Nearly half of the people who have received taxpayers’ money to help them buy a home under a government scheme did not need it, according to research.
About 4,000 households in England earning more than £100,000 annually are in the Help to Buy Equity Loan scheme.
Official figures to December 2016 show more than 20,000 households who are not first-time buyers have been helped.
The initiative, which started in April 2013, aims to make buying a home more affordable.
But research conducted for the government found that just over half of those who signed up to it said they could have afforded to buy without access to the scheme.
Help to Buy was launched by then Chancellor George Osborne to attempt to encourage more housebuilding.
The government offers a 20% equity loan to buyers of newly-built properties and 40% in London, on properties worth up to £600,000.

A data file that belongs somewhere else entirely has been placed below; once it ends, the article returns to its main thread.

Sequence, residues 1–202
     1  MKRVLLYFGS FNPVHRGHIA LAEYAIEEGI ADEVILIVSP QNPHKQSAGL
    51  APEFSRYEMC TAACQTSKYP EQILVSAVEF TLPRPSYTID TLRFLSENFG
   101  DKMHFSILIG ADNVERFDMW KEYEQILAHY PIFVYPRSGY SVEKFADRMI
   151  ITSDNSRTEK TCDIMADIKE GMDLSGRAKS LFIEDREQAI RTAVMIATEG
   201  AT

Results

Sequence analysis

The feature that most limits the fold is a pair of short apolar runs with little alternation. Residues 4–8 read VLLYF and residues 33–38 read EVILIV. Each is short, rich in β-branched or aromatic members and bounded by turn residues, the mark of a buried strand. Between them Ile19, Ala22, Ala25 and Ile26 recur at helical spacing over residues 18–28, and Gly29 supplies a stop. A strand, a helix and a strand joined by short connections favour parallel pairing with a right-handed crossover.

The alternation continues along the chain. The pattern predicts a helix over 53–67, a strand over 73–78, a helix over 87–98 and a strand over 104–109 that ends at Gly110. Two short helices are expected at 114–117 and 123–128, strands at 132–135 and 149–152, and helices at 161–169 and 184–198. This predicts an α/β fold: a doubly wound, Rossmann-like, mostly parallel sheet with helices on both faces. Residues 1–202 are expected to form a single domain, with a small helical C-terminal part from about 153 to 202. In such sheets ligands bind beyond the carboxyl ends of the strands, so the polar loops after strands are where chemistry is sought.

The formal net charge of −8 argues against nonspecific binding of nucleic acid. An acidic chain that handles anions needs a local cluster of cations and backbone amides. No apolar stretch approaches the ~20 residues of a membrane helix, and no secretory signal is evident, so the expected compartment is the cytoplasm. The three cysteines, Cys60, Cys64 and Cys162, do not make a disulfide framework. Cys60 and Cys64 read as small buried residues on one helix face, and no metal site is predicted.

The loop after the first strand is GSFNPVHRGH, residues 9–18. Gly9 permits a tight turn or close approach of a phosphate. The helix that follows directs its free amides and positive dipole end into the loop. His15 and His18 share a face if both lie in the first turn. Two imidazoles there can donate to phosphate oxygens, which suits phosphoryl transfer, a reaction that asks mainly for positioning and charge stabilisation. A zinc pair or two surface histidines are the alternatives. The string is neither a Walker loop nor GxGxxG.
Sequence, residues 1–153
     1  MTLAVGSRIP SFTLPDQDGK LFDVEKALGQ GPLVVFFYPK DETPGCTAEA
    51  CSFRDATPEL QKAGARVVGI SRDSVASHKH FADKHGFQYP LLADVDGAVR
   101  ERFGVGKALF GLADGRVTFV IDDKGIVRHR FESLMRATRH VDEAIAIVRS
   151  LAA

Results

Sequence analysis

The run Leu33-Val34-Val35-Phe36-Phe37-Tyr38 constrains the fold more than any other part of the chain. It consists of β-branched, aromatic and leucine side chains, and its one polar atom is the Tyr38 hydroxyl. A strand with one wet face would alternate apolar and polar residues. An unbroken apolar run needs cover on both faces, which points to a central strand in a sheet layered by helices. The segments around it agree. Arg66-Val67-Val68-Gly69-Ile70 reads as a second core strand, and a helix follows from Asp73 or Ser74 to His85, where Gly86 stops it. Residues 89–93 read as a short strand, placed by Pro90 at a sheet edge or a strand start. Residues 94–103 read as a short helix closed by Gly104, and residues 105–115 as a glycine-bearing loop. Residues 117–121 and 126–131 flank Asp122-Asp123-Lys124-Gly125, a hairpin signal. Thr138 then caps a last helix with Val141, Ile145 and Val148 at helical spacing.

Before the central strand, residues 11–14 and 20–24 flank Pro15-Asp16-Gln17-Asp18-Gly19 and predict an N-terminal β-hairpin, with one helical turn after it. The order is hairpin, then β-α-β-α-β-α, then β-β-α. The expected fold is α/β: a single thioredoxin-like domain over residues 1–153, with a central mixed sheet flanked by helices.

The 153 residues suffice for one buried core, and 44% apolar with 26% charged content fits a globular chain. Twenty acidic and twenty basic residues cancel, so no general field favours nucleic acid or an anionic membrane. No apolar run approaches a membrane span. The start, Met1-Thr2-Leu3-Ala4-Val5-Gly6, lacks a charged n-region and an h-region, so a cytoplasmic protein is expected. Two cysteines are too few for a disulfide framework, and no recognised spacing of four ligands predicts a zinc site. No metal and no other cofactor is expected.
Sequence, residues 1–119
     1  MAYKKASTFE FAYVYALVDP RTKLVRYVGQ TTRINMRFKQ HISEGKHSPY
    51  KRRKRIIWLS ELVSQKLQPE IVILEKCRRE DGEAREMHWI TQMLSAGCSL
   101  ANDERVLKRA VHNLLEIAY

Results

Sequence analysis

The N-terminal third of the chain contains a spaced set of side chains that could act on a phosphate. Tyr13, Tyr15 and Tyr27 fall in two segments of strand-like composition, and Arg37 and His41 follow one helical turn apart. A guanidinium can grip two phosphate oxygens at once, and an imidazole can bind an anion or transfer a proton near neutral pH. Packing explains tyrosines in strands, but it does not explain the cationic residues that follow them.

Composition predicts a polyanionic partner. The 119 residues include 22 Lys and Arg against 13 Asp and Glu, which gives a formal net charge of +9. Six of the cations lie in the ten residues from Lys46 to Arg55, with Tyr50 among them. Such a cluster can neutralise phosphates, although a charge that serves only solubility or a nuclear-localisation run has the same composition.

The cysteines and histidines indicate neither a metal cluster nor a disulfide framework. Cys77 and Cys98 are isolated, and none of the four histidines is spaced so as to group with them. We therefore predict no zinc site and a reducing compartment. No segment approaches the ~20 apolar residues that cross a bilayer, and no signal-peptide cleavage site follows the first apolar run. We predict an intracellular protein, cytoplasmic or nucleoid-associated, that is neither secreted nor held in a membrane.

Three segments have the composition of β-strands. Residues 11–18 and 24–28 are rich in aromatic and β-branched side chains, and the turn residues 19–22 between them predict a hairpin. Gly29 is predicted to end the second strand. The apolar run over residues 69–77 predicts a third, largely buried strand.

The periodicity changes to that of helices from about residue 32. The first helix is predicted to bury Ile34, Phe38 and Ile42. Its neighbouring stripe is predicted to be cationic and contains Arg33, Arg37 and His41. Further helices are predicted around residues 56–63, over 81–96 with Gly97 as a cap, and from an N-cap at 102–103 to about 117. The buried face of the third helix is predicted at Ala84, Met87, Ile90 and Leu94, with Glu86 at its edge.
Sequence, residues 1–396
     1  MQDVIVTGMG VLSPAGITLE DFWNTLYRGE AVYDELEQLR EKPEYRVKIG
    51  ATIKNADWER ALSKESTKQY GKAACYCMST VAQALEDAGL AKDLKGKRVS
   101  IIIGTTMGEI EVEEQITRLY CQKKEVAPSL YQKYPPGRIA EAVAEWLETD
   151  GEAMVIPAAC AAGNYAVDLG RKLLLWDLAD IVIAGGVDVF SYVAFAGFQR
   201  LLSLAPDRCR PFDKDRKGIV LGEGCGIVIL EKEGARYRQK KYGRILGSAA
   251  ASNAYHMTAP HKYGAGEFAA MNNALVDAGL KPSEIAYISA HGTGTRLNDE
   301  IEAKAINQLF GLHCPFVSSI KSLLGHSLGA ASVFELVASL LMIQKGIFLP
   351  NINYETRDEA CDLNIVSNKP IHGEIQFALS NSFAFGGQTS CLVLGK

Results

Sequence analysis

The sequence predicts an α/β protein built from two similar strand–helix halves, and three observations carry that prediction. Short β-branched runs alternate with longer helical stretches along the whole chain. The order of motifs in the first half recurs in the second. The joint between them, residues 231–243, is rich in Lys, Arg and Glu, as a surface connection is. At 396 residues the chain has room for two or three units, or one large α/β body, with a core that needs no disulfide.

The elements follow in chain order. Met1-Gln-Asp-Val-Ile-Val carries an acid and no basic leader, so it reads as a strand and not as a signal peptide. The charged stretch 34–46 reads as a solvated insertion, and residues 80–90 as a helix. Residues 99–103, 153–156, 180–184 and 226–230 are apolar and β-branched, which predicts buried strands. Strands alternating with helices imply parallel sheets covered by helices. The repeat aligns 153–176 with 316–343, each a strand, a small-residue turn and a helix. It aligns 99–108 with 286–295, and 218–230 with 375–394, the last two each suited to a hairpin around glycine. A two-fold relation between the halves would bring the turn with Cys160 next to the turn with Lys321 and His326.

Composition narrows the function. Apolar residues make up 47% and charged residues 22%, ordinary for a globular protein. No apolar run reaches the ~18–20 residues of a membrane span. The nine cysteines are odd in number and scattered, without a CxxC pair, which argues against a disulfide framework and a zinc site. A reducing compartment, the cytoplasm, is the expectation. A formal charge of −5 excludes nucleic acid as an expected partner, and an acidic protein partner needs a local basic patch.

The buyers have to put down a 5% deposit and, when the property is sold, the government reclaims its loan.
This means if the value of the home goes up, the government will make a profit.
Similar schemes were set up and have now ended in Scotland and Wales.
Labour’s shadow housing secretary John Healey said: “While the number of younger people who own a first home is in freefall, the number of government-backed affordable homes to buy has fallen by two-thirds since 2010 and badly targeted schemes like Help to Buy are not focused on those who most need a hand up.
“Labour would change that and make helping first-time buyers on ordinary incomes the priority for Help to Buy.”
Gavin Barwell, the housing and planning minister, said: “We’re committed to helping more people find a home of their own with the support of a range of low-cost home ownership products.
“Our Help to Buy Equity Loan scheme continues to make home ownership a reality for thousands of people, especially first-time buyers right across the country.”
The government said it had committed £8.6 billion for the Help to Buy Equity Loan scheme to allow it to run in England until 2021.